How to have a green funeral, without offending Derek

Directgov seems intent on amplifying our fear of mortality

Most worries, I think, can be boiled down to worrying about dying. What to have for lunch? A prawn sandwich? What if I'm knocked over by a bus? But I like the idea that, whatever worry you might have, even if it's death itself, there's someone out there with a plan or some good, solid advice. I can't understand why people get annoyed by the government telling us what to do. But there is a problem, I admit, with the way the government tells us what to do. In principle, it's a great idea. In practice, it's bloody annoying.

The government is pretty good on dying, though. If you go to Directgov there's a section called If I Should Die: Practical Advice, which implies it's going to give you advice on what to do after you've copped it. (Lie still! Stop breathing! Come back as a ghost!) In fact, it takes you to a nice,candlelit website - - which cites Jade Goody's last words and offers tips on cremation and eulogies ("Start at the beginning"; "Make copies available").

But back on Directgov (this is a bad word, isn't it? How are you even supposed to say it? When I try to say it out loud it comes out as "Derek Guv", which is fine, but probably not quite what they were after), it seems intent on amplifying any worries you might already have about the whole mortality/staring into the dark pit of infinite gloom lark. There's a bit, for example, about how to have a "greener funeral" and it's pretty unashamed in its pointers, suggesting that you should avoid putting shoes in the coffin and that it might be wise to follow Environment Agency guidelines if you're thinking about scattering ashes in water. I'm all for green things, funerals included - but then there's this: "If you're burying ashes, think about using a biodegradable container that will break down naturally."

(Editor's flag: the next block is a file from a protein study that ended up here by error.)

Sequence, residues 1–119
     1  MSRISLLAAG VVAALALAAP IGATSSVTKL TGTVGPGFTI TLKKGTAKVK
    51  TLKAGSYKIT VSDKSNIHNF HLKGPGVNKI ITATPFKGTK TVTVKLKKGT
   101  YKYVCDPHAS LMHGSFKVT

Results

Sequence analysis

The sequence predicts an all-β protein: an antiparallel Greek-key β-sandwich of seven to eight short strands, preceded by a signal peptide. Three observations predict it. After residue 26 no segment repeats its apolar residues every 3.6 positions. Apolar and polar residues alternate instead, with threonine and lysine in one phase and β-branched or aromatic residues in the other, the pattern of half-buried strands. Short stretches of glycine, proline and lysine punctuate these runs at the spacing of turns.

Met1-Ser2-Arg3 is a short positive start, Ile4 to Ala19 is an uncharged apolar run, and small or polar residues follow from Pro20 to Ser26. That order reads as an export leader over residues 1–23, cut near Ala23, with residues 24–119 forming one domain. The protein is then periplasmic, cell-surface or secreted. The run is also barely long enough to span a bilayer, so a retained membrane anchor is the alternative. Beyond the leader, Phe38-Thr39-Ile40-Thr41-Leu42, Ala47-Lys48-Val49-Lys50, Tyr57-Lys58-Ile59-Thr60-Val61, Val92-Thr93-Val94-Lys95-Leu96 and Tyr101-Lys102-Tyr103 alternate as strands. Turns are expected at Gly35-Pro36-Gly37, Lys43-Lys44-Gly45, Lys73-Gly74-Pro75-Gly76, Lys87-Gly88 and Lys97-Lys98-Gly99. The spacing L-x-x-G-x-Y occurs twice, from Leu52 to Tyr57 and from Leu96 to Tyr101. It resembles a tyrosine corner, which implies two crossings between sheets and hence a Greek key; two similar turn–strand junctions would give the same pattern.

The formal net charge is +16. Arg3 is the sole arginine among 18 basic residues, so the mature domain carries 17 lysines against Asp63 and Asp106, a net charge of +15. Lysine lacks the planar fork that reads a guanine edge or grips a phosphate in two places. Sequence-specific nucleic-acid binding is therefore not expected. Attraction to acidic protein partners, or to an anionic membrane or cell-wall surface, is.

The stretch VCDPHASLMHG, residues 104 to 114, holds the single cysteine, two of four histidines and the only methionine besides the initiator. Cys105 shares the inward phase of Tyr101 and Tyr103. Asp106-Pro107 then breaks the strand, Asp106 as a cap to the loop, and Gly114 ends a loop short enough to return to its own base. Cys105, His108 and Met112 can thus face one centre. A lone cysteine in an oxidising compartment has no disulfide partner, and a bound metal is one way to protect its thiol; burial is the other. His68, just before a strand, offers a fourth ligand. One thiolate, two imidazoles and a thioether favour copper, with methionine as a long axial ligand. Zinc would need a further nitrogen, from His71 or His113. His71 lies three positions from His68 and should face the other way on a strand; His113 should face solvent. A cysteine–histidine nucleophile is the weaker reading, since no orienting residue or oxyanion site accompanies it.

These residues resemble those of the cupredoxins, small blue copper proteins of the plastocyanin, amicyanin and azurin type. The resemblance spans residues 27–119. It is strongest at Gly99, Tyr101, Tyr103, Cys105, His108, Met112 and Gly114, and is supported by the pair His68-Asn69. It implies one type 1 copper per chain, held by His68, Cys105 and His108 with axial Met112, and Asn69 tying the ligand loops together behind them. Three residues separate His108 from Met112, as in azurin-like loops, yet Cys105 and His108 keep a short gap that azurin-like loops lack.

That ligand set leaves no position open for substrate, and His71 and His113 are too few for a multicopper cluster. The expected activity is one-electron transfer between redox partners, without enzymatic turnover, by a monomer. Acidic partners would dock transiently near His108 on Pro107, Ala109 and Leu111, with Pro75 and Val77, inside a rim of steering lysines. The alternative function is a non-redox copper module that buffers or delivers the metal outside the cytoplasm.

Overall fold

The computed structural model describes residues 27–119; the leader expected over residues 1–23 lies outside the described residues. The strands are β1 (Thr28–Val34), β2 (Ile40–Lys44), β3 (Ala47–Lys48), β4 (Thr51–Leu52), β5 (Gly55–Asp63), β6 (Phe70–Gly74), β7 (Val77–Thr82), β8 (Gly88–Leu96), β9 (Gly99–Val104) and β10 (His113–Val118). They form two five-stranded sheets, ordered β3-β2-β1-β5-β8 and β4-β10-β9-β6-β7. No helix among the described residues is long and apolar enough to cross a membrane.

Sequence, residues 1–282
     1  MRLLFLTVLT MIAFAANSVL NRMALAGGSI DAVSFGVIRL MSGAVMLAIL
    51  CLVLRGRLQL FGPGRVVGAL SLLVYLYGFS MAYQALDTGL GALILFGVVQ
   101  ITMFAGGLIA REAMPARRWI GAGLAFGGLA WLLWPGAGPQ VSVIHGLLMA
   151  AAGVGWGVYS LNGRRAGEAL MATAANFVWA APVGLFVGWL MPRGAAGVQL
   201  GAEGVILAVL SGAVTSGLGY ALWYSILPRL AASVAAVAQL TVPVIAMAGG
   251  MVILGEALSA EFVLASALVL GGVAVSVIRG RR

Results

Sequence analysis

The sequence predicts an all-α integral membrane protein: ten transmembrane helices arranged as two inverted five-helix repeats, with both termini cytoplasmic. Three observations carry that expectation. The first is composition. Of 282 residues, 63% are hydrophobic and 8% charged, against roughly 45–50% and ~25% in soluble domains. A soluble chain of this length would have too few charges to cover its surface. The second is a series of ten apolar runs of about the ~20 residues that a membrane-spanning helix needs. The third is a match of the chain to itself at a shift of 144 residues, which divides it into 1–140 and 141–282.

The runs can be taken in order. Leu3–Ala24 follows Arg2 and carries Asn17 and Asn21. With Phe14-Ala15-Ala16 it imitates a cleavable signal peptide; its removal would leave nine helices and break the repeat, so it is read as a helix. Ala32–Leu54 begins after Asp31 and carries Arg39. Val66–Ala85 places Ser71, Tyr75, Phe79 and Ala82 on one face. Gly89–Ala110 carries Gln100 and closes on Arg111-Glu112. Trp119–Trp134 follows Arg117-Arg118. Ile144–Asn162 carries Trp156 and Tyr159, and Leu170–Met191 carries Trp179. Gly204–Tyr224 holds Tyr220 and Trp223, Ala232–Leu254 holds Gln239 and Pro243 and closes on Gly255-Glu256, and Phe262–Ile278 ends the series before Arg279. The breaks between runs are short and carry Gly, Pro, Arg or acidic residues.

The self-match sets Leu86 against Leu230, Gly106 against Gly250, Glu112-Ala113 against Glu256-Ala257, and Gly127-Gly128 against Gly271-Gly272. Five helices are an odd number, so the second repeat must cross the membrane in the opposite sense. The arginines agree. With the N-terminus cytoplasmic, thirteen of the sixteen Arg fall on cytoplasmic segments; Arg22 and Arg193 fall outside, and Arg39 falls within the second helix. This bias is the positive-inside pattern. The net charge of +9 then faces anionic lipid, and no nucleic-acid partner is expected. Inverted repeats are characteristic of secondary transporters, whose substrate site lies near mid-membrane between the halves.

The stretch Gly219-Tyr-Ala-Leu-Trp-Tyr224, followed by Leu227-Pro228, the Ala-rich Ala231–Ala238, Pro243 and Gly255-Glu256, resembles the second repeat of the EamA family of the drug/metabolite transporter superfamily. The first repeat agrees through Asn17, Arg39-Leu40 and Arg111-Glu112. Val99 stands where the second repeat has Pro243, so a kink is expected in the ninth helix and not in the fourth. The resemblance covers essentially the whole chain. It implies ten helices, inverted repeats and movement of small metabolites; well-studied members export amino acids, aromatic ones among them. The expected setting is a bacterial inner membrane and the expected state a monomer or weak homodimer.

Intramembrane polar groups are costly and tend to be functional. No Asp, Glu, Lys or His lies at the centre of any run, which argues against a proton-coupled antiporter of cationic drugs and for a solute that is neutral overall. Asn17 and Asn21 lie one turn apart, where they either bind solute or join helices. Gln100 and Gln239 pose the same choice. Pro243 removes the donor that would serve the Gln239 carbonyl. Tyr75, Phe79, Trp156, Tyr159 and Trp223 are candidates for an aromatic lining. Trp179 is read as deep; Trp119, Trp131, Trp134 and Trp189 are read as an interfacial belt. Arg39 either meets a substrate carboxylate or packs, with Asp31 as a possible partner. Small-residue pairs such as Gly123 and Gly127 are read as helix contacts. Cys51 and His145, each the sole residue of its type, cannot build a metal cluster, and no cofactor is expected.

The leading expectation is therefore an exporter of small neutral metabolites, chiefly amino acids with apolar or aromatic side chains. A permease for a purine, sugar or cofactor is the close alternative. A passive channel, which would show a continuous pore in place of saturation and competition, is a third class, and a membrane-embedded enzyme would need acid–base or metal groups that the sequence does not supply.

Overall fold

Don't tell me what to think about when I'm burying ashes! Don't tell me what to think full stop, but for God's sake stay away from the ashes. The ashes, Directgov, are of a person, an actual human being who lived and breathed and laughed and cried. I think I'm going to be more preoccupied by the existential challenge posed by the transformation of said person into grey dust than I am about the container in which his ashes now rest.

I quite like to imagine, in these situations, that the government is a person, not a thickening swamp of websites and call centres. There I am, preparing to bury, reeling from a death, contemplating my own . . . and in an absolute frenzy of panic about the ashes being in a Tesco own-brand Tupperware box, which is about as biodegradable as a giant fridge. Then, enter Derek Guv.“Hello, madam." (He's very old-fashioned, Derek, probably wearing braces.) "Are you aware that your ashes container does not meet Green Funeral Guidance Requirements™?"I'd like to think that at this point I would punch him. But more likely I'd just nod pathetically, a single tear bouncing off my incriminating plastic box. "Sorry, Derek."

Sophie Elmhirst's column will appear fortnightly
Next week: Mark Watson

Sophie Elmhirst is features editor of the New Statesman

This article first appeared in the 05 October 2009 issue of the New Statesman, The tories/the people